Nutritional Value of White Asparagus Vs. Green

If you're used to asparagus being green, the white variety may look downright creepy. Its broad, firm stalks are the pale color of fresh cream because they lack the green pigments of conventional asparagus. However, the white veggie can be just as nutritious, although its health properties do vary slightly.

Bundles of white and green asparagus on a wooden table. (Image: orinoco-art/iStock/Getty Images)

Nutrition Comparison

One serving of asparagus is equivalent to about two-thirds cup or five large spears. For white asparagus, that quantity contains 20 calories, no fat, 3 grams of carbs, 2 grams of protein, 2 grams of fiber and 1 gram of natural sugar. The same amount of green asparagus offers 25 calories, 2.75 grams of protein, 5 grams of carbs, 2.7 grams of fiber and 2.4 grams of natural sugar.

Health Value

Both white and green varieties of asparagus have beneficial health properties. According to, eating more of any veggie can decrease your risk of chronic health conditions such as stroke, heart attack, high cholesterol, diabetes, cancer, high blood pressure, kidney stones, bone loss and obesity. The healthy compounds in green asparagus differ from those found in the white vegetable, however. According to a 2005 "Food Chemistry" study published by Washington State University researchers, green asparagus is a rich source of the antioxidants rutin, ascorbic acid, tocopherol, glutathione and ferulic acid. White asparagus also contains antioxidants including phenolic acids and flavonoids; however, according to "Acta Horticulturae," white asparagus spears have an overall lower antioxidant content than green spears.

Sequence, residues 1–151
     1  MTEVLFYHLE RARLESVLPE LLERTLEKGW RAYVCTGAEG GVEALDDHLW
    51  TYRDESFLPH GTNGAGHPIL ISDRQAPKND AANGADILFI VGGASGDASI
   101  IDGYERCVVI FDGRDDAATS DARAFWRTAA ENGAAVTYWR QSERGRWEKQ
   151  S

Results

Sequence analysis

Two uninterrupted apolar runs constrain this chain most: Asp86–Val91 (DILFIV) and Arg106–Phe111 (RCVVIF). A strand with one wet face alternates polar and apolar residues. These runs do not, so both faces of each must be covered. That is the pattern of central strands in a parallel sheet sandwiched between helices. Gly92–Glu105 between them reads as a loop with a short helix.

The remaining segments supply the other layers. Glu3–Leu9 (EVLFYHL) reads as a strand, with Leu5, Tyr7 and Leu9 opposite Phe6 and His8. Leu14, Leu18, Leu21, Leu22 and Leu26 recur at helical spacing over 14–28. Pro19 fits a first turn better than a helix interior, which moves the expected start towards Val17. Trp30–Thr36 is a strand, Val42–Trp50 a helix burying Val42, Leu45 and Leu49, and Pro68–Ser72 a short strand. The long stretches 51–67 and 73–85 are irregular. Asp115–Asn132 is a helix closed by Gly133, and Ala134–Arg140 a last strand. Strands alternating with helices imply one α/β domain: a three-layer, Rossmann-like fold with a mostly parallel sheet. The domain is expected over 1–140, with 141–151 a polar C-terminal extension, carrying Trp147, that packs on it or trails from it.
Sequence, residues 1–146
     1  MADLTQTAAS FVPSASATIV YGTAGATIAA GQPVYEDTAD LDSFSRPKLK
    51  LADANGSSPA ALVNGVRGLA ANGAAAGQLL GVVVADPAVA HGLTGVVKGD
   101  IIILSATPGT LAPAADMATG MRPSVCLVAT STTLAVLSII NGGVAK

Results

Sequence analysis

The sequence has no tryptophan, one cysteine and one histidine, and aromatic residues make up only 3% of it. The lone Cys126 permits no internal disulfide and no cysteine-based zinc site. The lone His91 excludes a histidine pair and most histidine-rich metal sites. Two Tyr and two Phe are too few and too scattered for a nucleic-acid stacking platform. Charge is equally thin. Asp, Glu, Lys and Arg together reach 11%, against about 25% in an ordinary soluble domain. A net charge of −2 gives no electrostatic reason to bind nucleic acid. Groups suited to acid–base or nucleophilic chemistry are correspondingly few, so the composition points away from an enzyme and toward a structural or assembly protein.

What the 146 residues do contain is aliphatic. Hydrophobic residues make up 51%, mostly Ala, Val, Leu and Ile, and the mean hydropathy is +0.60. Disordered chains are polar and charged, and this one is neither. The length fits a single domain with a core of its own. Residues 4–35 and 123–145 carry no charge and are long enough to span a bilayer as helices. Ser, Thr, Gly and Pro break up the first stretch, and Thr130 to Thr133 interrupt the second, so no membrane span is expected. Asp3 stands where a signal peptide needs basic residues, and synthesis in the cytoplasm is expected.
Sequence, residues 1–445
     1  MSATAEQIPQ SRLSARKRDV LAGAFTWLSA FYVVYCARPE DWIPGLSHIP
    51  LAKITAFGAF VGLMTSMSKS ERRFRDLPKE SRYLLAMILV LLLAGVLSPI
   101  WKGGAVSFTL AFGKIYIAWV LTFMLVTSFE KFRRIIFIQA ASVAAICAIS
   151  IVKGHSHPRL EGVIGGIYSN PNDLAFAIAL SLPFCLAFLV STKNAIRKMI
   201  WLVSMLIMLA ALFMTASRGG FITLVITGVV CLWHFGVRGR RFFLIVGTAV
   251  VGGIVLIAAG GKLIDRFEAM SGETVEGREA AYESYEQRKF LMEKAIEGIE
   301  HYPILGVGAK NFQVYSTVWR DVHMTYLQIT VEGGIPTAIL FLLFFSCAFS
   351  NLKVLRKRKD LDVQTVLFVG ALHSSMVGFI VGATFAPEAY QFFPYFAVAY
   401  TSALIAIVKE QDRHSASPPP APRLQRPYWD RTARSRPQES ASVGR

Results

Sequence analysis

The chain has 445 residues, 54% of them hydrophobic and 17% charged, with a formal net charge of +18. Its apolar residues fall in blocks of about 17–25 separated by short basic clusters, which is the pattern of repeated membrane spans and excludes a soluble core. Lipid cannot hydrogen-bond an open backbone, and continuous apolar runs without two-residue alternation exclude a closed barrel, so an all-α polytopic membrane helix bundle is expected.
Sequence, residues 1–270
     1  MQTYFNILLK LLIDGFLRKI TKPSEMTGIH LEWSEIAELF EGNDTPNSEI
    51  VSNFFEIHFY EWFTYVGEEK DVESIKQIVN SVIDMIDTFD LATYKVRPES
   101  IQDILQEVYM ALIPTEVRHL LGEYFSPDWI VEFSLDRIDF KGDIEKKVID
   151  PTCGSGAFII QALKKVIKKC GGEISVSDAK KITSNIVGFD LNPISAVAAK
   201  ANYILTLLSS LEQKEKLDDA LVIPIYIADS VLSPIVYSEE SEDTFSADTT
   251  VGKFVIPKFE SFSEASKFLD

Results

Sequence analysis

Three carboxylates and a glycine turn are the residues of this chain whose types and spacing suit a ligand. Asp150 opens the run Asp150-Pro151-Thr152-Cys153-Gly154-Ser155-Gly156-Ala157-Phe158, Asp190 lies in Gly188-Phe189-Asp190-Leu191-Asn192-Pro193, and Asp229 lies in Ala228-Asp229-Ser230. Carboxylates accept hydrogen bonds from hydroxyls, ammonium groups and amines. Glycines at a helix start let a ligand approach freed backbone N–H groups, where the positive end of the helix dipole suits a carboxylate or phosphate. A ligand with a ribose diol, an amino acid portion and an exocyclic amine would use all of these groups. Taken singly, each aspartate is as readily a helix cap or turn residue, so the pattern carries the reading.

The way you prepare asparagus spears of either color also makes a difference in their final nutritional content. Both spears have refuse in their woody stems, for example, but buying and preparing equal quantities of white and green asparagus may give you fewer calories with the white variety because it needs to be peeled before you eat it. All asparagus is naturally fat-free, but keep in mind that adding a tablespoon of butter to either variety can boost the nutrition total by 100 calories and 11.5 grams of fat.


White asparagus isn't as common in North America as the green variety, but if you ever do see it in stores, don't pass it by under the assumption that it's less healthy because it isn't a green vegetable. High levels of antioxidants, vitamins, minerals and essential nutrients are present in both varieties of asparagus, making either one a healthy choice for disease prevention and balance in your diet.

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